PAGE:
ABUSE AND TREATMENT
Labeling of Containers and the Prevention of
Drinking in Pregnancy
By Claire D. Coles, Ph.D.
Alcohol use during pregnancy can lead to fetal alcohol
syndrome (FAS) and to other conditions that affect intelligence
and behavior. The United States Surgeon General has advised women
to abstain from drinking during pregnancy. However, not all women
are aware of the dangers of drinking during the time they are
pregnant and some of those who are aware have difficulty stopping
drinking. Prevention efforts are most effective when they are
multilevel, aimed at a number of different audiences. Some efforts
are directed at pregnant drinkers themselves ("indicated"
prevention) while others ("universal") are aimed at
promoting the health and well-being of all individuals in the
community, through media campaigns and social policy.
One effort at universal prevention was the passage
of a "labeling" law. US Public Law 100-690 (1988) required
as of 1989 that all containers of alcoholic beverages in the United
States be labeled with "clear" "nonconfusing"
language describing alcohol-related hazards. This label, which
was required on all containers of sprits, wine and beer, read,
"GOVERNMENT WARNING: (1) According the Surgeon General, women
should not drink alcoholic beverages during pregnancy because
of the risk of birth defects. (2) Consumption of alcoholic beverages
impairs your ability to drive a car or operate machinery, and
may cause health problems." Social policy advocates and legislators
hoped that labeling alcohol containers would influence women to
stop or reduce drinking.
Whether or not this law has had the desired effect,
was the focus of research by several investigators, notably Janet
Hankin, Ph.D., and her colleagues at Wayne State University in
Detroit and L. Kaskutas and her colleagues at Berkley, California.
These investigators examined the following questions:
1) Do warning labels reduce drinking?
2) Are container labels equally effective with high
risk and low risk women?
3) Are adolescents positively affected by warning
Results of research on these issues are decidedly
"mixed". Although heavy drinkers are more aware of labels
and there seems to be some, initial, effect on reported drinking
levels among low-risk women, longer-term results have been less
satisfying. In general, labels are not effective with the most
at risk women and do not affect drinking in pregnancy. Another
study by McKinnon, et al. in 2000, which focused on adolescents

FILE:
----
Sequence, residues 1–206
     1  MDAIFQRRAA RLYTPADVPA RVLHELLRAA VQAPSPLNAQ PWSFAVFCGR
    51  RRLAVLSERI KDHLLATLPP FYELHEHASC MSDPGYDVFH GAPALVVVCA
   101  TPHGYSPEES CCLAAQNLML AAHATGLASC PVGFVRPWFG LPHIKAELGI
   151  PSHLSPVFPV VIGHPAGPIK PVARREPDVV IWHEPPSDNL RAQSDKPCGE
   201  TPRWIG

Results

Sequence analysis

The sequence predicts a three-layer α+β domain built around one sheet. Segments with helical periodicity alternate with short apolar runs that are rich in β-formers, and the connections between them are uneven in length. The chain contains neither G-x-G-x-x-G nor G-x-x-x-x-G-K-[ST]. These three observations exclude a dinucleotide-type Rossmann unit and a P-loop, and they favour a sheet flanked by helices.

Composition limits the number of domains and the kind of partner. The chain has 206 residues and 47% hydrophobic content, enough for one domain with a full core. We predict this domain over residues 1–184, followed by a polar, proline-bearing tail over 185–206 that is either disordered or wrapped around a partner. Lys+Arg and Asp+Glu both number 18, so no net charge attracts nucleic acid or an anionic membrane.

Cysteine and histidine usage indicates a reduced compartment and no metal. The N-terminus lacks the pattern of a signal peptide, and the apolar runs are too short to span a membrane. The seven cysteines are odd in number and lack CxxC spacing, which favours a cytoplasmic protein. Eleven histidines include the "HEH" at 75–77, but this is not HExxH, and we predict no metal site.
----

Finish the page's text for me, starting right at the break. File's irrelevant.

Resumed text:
found, "There is no beneficial change attributable to warning
labels in beliefs, alcohol consumption, or driving after drinking."
Kaskutas, after a review of the research on universal prevention
methods, concluded, "changes in drinking during pregnancy"
were not "associated with exposure to any of the assessed
messages (labels, posters, advertisements, and conversations..with
health care professionals)".
These results are disconcerting for the prevention specialist.
They suggest that, to prevent the negative outcomes associated
with maternal substance abuse, more direct and focused prevention
methods are necessary. These efforts include encouraging drinking
women to postpone pregnancy and well as providing access to treatment
for women who are unable to abstain during the time they are pregnant.
Hankin, JR, Firestone, IJ, Sloan, JJ, Ager, JW.,
Goodman, AC, Sokol, RJ & Martier, SS. (1993) The impact of
alcohol warning labels on drinking during pregnancy, J Publ Pol
Market, 12, 10-18.
Kaskutas, L, Greenfield, TK , Lee, ME, & Cote,
J (1998) Reach and effect of health messages on drinking during
pregnancy. J Health Ed, 29, 11-17
MacKinnon, Nohre, L, Pentz, MA, & Stacy, AW
(2000) The alcohol warning and adolescents: 5-year effects. Am
J Pub H, 90, 1580-1594.
The Maternal Substance Abuse and Child Development Project is funded in part by the Georgia Department of Human Resources Division of Public Health.
The Maternal Substance Abuse and Child Development
Study is under the direction of Claire D. Coles Ph.D., with the
Department of Psychiatry and Behavioral Science, Emory University
School of Medicine. For more information, please contact: Claire
D. Coles: email@example.com
Karen K. Howell: firstname.lastname@example.org